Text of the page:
The death of a rare newborn Giant Panda at Tokyo's oldest zoo has interrupted regular TV programming and sent shock waves across Japan.
The unnamed male cub, weighing just 144 grams, was found lying on its back against his mother's stomach early this morning. The Globe and Mail says the zoo issued a statement saying "they administered cardiac massage and other treatment but they confirmed the death at 8:30am." It is believed to have died of pneumonia when being fed by its mother Shin Shin and milk got into his lung.
The Globe and Mail says the baby was hailed a rare success for the Ueno Zoo's captive breeding program. It was the first panda born at the zoo in 24 years and the only one conceived naturally. Every night newscasts devoted a segment to update the public on the cub's progress.
At an emotional news conference today Zoo General Manager Toshimitsu Doi said "we are very disappointed" as he wiped away tears. The Globe and Mail quotes Japanese Prime Minister Yoshihiko Noda saying "it is very disappointing. We were all looking forward" to the cub's development.
TV newscasters broke into regular scheduled programming to break the news to viewers and Japanese major department store Matsuzakaya has cancelled it's "Happy Panda Week" celebration.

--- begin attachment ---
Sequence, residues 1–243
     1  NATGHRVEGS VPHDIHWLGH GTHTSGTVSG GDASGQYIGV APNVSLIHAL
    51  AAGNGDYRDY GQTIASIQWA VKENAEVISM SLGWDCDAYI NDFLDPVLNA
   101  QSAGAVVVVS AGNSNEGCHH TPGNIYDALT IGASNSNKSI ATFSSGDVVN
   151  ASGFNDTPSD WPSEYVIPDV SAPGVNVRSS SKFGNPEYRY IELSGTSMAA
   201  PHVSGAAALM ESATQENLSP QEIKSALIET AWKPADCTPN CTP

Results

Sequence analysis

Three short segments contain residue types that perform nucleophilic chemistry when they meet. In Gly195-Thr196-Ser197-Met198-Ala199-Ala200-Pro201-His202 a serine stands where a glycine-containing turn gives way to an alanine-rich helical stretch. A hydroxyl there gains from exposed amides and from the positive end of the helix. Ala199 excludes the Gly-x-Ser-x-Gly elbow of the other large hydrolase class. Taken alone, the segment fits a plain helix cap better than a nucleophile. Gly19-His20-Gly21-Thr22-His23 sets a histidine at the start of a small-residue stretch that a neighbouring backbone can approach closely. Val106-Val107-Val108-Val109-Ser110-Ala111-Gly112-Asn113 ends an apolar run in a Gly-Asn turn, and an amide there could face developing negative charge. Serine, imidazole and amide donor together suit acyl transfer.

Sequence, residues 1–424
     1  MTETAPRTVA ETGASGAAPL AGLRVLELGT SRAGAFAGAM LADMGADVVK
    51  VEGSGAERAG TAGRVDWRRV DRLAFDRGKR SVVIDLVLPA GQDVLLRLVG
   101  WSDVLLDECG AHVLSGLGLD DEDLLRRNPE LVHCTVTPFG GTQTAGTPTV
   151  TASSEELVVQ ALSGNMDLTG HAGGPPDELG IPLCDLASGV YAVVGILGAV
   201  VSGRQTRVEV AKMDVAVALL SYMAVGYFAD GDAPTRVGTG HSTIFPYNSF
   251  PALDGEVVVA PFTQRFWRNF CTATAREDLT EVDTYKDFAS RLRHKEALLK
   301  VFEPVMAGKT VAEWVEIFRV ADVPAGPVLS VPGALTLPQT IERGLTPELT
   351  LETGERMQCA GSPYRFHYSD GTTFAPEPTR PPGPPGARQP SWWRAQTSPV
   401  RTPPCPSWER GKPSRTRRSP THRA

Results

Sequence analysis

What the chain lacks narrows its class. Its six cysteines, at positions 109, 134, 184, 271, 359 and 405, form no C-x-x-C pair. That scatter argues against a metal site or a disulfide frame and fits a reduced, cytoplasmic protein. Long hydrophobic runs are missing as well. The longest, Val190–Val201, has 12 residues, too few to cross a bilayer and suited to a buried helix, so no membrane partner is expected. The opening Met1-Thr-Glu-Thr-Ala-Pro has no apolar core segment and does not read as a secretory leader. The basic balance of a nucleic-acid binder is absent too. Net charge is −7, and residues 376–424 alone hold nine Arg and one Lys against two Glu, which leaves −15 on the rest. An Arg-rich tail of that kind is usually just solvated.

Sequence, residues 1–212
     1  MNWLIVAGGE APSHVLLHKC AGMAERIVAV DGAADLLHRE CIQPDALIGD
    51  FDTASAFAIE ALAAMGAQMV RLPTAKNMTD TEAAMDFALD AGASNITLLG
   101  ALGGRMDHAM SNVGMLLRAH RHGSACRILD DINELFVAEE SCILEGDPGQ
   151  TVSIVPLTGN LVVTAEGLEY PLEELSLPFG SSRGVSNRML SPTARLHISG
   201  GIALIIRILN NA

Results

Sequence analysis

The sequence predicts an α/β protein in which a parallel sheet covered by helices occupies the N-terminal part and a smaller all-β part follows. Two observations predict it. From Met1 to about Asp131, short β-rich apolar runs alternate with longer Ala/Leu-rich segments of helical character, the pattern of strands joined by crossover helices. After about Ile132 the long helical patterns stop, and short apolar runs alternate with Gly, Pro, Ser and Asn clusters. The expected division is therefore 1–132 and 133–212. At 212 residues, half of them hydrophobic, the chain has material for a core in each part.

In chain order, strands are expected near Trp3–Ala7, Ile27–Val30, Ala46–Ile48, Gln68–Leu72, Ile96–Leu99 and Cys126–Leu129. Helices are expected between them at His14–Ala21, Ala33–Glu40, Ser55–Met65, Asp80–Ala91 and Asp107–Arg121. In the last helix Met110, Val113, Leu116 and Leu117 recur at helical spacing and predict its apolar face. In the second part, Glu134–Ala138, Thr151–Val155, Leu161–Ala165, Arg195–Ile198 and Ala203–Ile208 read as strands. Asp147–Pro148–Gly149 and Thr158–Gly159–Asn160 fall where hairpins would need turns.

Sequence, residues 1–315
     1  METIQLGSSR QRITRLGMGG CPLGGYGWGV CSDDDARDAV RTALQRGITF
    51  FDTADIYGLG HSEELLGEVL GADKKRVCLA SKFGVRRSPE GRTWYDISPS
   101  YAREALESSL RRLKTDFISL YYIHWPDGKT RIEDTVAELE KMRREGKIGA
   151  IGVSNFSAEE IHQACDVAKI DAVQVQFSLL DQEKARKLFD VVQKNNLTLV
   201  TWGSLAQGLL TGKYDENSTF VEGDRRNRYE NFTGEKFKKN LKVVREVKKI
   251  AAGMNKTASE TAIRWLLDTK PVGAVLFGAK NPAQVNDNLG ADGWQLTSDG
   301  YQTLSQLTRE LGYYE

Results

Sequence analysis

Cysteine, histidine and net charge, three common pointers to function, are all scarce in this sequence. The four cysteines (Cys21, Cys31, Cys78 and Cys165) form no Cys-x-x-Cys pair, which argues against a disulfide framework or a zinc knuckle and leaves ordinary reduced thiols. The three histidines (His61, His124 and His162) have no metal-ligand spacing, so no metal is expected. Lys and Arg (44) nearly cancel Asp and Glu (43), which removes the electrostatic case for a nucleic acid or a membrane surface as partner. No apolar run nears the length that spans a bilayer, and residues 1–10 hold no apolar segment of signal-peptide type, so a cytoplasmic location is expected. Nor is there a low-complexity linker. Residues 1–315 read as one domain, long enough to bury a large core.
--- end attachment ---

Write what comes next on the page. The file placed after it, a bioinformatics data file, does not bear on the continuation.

Shin Shin and her mate Ri Ri have been on loan from China for the past year at a cost of about $1 million annually. Today China's Foreign Ministry spokesman Liu Weimin issued a statement saying "we lament the loss of the cub and believe the Japanese people who have been looking forward to seeing the cub, will also lament this loss." After the cub was born the Chinese government expressed hope that "people to people sentiment and overall relations between China and Japan" would be improved by the cub's birth.
There are just 1600 Giant Pandas still in the wild and another 300 remain in captivity, mainly in China.